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My Kindle Scout Kirkus Edit

By Lexi Revellian @LexiRevellian
My Kindle Scout Kirkus editOn Saturday I received the Kirkus-edited typescript of Time Rats 1. The editor says kind things in his summary about my plot, characterization and dialog - and also praises my accuracy in keeping track of time, a major concern when writing about time travel. But I have to say I was not expecting the massive number of edits, up to two dozen per page.

I'm pleased that Amazon allows me the final decision as to whether or not to accept the editor's advice. I always want to make changes that will improve the book. Many suggestions, however, I considered and rejected - this is my seventh novel, and I'm confident in my writing. I believe unnecessary edits run the risk of losing the writer's voice. 

Don't think I'm not grateful. I know how expensive a Kirkus edit is, it's extremely thorough, and I appreciate Amazon wanting - and paying for - Kindle Press books to be the very best they can be. It's good to have a professional pair of eyes going over my novel, and some of the notes I seized on with cries of glee - Jace doesn't have a penknife, then a page later he's looking for it. Duh. There's the occasional suggestion of more felicitous phrasing or a better word. I am ashamed to own up to an errant apostrophe. And I spelled tesserae wrong.

I am entirely confident this editor pored over every word, and no error escaped him. Had there been any plotholes, he'd have found them.

Suggestions I've ignored:

Americanization of my prose.

Dates and times as specified by the Chicago Manual of Style.

Chapter titles with capital letters - now, I use chapter titles because otherwise, the first thing the reader will see in the ebook sample is a boring list of Chapter 1, Chapter 2, Chapter 3 etc.. Quirky titles for each chapter are more inviting. But capitalize them, and they become much harder to read. I don't want that.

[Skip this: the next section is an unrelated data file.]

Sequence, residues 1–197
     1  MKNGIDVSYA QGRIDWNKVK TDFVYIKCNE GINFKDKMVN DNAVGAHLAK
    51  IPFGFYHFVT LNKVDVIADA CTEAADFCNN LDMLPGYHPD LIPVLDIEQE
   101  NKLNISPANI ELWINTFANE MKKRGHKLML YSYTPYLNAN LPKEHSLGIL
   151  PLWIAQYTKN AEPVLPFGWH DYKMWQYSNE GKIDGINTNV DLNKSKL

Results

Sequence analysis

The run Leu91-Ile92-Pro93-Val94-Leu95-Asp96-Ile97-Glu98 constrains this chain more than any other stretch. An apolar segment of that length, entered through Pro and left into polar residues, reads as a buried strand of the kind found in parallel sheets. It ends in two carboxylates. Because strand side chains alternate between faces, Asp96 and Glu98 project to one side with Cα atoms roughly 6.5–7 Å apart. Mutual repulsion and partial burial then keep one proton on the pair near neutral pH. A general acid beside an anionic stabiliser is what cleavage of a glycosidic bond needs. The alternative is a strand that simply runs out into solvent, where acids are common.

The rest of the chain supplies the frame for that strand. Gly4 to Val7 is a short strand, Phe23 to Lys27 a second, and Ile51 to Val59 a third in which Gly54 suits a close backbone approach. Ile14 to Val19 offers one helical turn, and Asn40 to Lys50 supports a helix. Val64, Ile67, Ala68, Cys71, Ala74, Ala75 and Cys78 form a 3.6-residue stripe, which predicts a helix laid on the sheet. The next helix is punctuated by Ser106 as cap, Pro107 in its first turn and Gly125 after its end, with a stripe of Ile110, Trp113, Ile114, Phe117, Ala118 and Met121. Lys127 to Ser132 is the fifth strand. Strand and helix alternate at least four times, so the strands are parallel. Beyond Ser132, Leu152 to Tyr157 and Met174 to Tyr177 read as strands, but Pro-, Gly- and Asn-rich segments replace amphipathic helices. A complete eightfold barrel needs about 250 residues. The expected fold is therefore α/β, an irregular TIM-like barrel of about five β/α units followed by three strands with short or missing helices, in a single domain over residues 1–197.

Correcting colloquial speech in dialog. Replacing all brackets with dashes. Replacing many semi colons with full stops - I like semi colons, having acquired them in my youth from Mary Renault.

Replacing all third person observations from a character's POV with first person italics on a new line, as if it was silent speech, which in my opinion is just weird and reads strangely. Do any writers do this?

Padding my prose - inserting words like clearly, just, still, somehow, simply, even, though, really, usually, anyway. I've spent years decluttering my prose, dammit. Ready and waiting is not an improvement on waiting. Just enough is not better than enough. Aren't editors supposed to take this stuff out, not put it in?

Altering a sentence for no obvious reason, sometimes making it worse. Reading this example after Jace has removed the locked TiTrav from Quinn's wrist once he was dead, I began to entertain a dark suspicion that this editor is tinkering with sentences just because he can:

My version: “So how did you get it off Quinn, then?” Pause, while Floss realized how he had got it off Quinn, and imagined him doing it. “Oh.”

Editor's version: “So how did you get it off Quinn, then?” Floss paused as she realized how he had done it, and then visualized him doing it. “Oh.”
This was my first experience of a professional edit. Have any of you had one, and how was it?

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